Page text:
Religious Diversity and Economic Development in Sub-Saharan Africa: So Far So Good
AbstractThis paper investigates the effects of religion on a broad set of development outcomes in sub-Saharan Africa. We regroup these outcomes into three broad categories, namely, development process outcomes (growth, investment, conflict, and government quality), institutional outcomes (property rights and the rule of law) and social development outcomes (social and gender protection). Using two new measures of religion – religious fractionalization (RELFRAC) and religious polarization (RELPOL), alongside the traditional measure of religious diversity, our results suggest that broadly speaking, religion or religious diversity has no statistically significant impact on the institutional and social aspects of development in sub-Saharan Africa. However, our findings do suggest that religion has important effects on the development process through its effects on investment. The analysis suggests that African policy-makers need to pay attention to the changing religious dynamics and increasing religious polarization of African societies.
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Bibliographic InfoPaper provided by University Library of Munich, Germany in its series MPRA Paper with number 46305.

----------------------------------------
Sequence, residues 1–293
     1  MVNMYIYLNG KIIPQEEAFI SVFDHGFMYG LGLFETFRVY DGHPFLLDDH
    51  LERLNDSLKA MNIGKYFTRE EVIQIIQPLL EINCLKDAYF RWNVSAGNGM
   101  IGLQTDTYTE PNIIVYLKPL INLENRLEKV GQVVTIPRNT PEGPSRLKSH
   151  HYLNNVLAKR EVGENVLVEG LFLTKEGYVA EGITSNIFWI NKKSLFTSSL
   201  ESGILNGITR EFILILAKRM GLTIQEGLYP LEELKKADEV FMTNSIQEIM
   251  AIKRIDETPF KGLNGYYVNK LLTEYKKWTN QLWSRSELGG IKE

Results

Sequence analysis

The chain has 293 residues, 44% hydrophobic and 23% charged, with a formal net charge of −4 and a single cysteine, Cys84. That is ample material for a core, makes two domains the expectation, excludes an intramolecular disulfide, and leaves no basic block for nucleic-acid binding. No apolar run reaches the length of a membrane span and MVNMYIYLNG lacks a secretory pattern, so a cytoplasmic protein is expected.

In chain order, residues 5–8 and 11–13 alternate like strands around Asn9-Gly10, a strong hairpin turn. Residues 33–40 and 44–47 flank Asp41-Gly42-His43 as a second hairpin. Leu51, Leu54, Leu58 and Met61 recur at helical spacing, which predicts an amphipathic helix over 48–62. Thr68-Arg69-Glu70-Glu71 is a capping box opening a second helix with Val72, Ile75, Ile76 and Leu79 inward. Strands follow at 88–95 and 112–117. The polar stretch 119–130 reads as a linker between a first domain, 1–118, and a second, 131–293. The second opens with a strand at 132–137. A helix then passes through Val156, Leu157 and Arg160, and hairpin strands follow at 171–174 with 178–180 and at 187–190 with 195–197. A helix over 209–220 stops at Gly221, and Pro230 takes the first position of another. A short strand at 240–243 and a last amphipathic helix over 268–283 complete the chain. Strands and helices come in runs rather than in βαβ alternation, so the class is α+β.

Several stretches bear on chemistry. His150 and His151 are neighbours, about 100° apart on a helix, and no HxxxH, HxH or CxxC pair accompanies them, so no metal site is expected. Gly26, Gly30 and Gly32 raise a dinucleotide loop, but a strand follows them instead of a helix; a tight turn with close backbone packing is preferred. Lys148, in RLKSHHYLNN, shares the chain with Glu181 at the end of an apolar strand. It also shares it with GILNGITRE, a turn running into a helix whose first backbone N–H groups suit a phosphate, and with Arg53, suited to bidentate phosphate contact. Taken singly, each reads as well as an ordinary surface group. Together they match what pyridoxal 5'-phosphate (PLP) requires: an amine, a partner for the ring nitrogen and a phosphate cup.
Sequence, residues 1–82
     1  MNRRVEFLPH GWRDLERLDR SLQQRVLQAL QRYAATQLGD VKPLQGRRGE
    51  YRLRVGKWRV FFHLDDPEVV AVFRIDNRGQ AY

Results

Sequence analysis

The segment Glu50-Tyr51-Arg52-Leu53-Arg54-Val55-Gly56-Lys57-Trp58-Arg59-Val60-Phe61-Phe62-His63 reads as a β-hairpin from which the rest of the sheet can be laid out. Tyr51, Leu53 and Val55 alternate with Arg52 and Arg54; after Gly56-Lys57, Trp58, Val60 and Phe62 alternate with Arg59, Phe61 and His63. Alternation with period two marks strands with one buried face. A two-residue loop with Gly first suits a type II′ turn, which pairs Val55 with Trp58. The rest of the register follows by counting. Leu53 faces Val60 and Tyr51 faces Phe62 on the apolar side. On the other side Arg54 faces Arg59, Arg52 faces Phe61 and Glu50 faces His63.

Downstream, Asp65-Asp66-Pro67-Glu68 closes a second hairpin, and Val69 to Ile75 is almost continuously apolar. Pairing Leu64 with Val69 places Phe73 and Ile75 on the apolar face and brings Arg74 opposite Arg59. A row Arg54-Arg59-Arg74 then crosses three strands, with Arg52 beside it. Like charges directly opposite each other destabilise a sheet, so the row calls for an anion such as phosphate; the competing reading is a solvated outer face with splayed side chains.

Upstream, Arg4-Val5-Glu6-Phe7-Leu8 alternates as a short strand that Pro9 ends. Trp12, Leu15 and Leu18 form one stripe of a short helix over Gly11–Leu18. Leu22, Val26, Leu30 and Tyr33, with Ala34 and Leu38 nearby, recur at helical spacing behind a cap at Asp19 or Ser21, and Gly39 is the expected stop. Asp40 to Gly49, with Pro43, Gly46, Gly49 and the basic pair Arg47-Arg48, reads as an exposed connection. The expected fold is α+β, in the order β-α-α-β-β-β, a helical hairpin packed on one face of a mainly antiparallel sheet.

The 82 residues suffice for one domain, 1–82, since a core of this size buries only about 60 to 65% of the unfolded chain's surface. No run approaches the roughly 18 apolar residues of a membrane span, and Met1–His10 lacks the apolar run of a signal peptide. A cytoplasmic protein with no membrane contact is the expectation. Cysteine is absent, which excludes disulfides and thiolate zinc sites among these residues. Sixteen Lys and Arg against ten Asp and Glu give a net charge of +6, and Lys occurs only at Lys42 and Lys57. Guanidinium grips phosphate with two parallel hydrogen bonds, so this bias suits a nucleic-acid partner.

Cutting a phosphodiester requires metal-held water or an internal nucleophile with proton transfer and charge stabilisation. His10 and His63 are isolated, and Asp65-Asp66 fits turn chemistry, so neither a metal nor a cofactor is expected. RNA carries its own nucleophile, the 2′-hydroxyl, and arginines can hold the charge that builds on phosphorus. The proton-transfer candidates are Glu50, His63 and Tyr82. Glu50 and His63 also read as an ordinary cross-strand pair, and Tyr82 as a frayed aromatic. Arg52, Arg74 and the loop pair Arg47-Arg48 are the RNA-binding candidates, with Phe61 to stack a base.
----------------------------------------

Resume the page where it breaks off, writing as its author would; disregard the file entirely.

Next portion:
Date of creation: 17 Apr 2013
Date of revision:
Economic development; Africa; Religious Polarization; Conflict; Religious diversity;
Find related papers by JEL classification:
- D74 - Microeconomics - - Analysis of Collective Decision-Making - - - Conflict; Conflict Resolution; Alliances
- O1 - Economic Development, Technological Change, and Growth - - Economic Development
- O55 - Economic Development, Technological Change, and Growth - - Economywide Country Studies - - - Africa
- Z12 - Other Special Topics - - Cultural Economics - - - Religion
This paper has been announced in the following NEP Reports:
- NEP-AFR-2013-04-20 (Africa)
- NEP-ALL-2013-04-20 (All new papers)
- NEP-DEV-2013-04-20 (Development)
- NEP-EVO-2013-04-20 (Evolutionary Economics)
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